Our review of “Even Keel” was praiseworthy (thanks for the cheque) stating the new album is “more streamlined and straight-ahead hard rock than its predecessor, being all about accessible rock with a healthy dose of deft touches to move it nicely out of derivative”. Is this a fair assessment in your, one of the key songwriters eyes?

Hehe, sure is. (Don’t spend it all at once) Just crank it and your feet will start tapping!

Was this direction intentional or was this a comfortable and natural shift in attention compared to “Time…”?

Yes and yes. These songs pretty much wrote themselves. ‘Time…’ was our first effort together and I was taking on the role as the producer rather than the song writer. The guys had a lot of ideas that we made into songs. Before I joined the band, HARD was a more AOR influenced act. I never could stand too much of that style – predictable major pussy harmonies with ‘angry’ guitars, or whatever… so I tried to get some, as I see it ‘real musical danger’ in there and get a nice mix of them both J. I also produced ‘Even Keel’ and I wanted to let the hair down a bit. I co-wrote all the songs with our guitar player Zsolt Vámos, and we sort of found a common ‘backyard spot’ were we ended up writing and arranging the songs. I can’t wait to get started with the 3rd one!

The album sounds like you are having a ball with this material.  Your voice is oozing attitude and seems very at home in this setting. Vocally, is this the most fun you’ve had in a while?

First of all it’s a new key for me. The whole guitar is tuned down a whole step. This got me to make vocal lines having a much wider range than I’ve sung before. I suppose that combined with the straight forward guitar oriented songs gave it a bit of a new touch. It’s all about being inspired and this was a new thing for me so… I’ll admit it wasn’t easier to sing with lower tuning… took quite some time getting used to.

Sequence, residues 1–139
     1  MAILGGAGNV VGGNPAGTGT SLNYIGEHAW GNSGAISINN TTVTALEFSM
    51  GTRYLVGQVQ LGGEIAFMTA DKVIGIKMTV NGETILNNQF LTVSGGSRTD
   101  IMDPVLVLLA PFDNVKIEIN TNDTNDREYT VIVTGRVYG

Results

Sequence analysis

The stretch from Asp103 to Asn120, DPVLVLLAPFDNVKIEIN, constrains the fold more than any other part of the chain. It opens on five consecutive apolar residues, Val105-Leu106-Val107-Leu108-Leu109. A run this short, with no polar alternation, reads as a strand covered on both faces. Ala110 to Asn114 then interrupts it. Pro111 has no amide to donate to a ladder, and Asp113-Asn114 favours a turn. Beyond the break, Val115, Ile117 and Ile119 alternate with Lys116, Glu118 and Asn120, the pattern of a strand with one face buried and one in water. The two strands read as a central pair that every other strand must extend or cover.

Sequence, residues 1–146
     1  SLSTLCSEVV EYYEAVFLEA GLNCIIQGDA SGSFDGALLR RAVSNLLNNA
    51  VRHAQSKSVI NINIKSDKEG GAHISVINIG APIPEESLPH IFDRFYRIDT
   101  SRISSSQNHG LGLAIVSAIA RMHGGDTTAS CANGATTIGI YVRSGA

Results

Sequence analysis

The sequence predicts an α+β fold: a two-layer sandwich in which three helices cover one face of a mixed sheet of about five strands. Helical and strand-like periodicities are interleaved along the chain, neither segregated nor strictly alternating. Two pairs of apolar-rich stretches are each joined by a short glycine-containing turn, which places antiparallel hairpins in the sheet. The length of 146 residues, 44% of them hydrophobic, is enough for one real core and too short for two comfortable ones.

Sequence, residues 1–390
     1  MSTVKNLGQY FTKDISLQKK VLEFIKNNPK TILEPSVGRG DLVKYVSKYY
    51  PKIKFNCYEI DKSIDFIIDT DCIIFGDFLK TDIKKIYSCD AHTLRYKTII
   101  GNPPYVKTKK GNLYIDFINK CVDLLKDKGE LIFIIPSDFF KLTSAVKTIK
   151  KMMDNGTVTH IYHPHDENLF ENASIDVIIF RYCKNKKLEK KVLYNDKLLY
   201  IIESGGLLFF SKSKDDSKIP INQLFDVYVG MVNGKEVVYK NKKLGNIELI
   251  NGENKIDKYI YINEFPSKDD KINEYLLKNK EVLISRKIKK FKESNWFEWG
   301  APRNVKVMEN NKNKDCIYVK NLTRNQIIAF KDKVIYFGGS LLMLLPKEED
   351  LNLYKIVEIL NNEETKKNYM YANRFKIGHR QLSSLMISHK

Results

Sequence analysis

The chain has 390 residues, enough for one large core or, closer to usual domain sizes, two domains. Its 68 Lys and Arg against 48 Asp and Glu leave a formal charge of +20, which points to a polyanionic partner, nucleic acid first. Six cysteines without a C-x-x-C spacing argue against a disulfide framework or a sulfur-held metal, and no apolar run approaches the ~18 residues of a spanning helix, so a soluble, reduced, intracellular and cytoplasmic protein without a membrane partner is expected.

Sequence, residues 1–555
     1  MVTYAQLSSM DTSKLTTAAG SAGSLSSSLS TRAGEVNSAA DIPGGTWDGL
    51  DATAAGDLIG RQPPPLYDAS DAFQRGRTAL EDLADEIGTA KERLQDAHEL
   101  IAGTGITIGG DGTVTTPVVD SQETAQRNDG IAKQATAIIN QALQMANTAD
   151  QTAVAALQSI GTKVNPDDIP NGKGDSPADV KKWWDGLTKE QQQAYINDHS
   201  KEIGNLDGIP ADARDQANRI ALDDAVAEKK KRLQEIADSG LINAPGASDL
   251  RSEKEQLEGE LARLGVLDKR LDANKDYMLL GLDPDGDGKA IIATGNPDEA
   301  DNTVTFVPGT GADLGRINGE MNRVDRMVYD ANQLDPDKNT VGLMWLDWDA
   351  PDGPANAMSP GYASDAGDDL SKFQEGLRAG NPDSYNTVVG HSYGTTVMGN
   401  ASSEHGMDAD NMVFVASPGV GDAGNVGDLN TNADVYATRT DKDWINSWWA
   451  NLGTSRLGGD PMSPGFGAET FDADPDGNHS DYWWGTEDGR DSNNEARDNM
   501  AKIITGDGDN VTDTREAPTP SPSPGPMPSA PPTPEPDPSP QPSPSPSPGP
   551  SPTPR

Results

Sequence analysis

The reason I ask the last question is in a few interviews for the last couple of Baltimoore albums you stated you’d consider having another vocalist take over, and on the last Baltimoore record (Quick Fix) included all the tracks in instrumental form asking for those brave enough to offer up their own vocal takes.  I wonder if this was a period of your career where you perhaps weren’t over joyed with your voice, whereas on this new album it sounds strident and full of a cock-sure attitude that works really well with the material.

Hmm, well… I love and hate my voice. The voice is the ultimate instrument and a great vocal performance overshadows everything. However, being impotent doesn’t mean you can’t give directions for multiples… 😉

LMAO, How has the writing for the new album gone? Was this material written mostly since your move to Hungary?

We started right after ‘Time…’ was released last spring and recorded in Sweden in July and August. We had plans for an autumn release but things kept pushing the release until March this year. I mixed and mastered here in Budapest.

Who are the principle writers in the band and how did the tracks generally get created?